For me, it follows in the mould of The State of Obesity, but is much more transparent in how it is constructed when you look at the source code. That makes it a good exemplar — in fact, perhaps the exemplar currently available — for introducing people to the possibility of making interactive dataviz for their research projects.
Oh for those early days of D3, when nobody was terribly fluent with it, and websites would have all the code right there, easy to read and learn from.
That transparency is important, not just for teaching about dataviz, but for the whole community making and innovating interactive data visualisation. Oh for those early days of D3, when nobody was terribly fluent with it, and websites would have all the code right there, easy to read and learn from. Now they are tucked away in obscure links upon links, uglified and mashed up with other JS libraries, familiar to the maker but (probably) not you. There are obvious commercial pressures to tucking the code away somewhere, and you can actually obtain software to obfuscate it deliberately. At the same time, having everything in one file, hard-coded for the task at hand, may be easy to learn from, but it isn’t good practice in any kind of coding culture, so if you want to be respected by your peers and land that next big job, you’d better tuck it all away in reusable super-flexible in-house libraries. And yet, the very availability of simple D3 code was what kick-started the current dataviz boom. Everyone could learn from everyone else really quickly because everything was open source. I don’t like to think that was a short-lived phase in the early part of the technology’s life cycle, but maybe it was…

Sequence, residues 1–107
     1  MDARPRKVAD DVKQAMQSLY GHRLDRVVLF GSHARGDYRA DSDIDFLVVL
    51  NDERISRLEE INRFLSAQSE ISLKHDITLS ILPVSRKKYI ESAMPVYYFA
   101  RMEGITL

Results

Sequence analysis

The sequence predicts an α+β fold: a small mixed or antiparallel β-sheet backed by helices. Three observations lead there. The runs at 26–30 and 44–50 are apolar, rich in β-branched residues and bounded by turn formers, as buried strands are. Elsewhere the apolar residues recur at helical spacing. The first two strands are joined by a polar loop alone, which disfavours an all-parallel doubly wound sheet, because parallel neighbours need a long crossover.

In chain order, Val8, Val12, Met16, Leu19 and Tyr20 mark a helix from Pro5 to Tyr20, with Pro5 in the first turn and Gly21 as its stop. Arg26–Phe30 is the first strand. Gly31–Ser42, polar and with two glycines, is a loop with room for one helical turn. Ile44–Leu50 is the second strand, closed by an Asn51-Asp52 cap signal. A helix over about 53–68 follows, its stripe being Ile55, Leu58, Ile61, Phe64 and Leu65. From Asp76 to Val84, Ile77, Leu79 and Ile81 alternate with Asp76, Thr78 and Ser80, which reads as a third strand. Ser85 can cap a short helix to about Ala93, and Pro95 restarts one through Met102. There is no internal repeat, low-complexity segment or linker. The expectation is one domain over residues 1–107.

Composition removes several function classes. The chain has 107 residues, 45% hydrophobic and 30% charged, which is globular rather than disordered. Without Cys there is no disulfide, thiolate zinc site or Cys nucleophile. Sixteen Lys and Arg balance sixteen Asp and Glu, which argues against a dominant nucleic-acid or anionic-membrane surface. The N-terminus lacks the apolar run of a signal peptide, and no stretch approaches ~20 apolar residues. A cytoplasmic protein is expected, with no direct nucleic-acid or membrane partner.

Anyway, that’s enough wistful nostalgia (I learnt yesterday that I am the median age for British people, so I am trying not to sound like an old duffer). Here’s the things I don’t like about it:
- it requires a very wide screen; there’s no responsiveness (remember your audience may not work in a web design studio with a screen as big as their beard)
- life expectancy gets smoothed while the other variables don’t – just looks a bit odd
- why have colors for continents? Doesn’t it distract from the shading? Don’t we already know which one is which?
- Why give up on South Sudan, Somalia (which seems to be bunged together with Somaliland and Puntland in one big “hey it’s somewhere far away, they won’t notice” sort of way) and North Korea? Aren’t these countries’ estimates kind of important in the context, even if they are not very good? Do you really believe the Chinese estimates more than these just because they’re official?
But all in all, these are minor points and a nice amount of grit for the mill of students thinking about it. I commend it to you.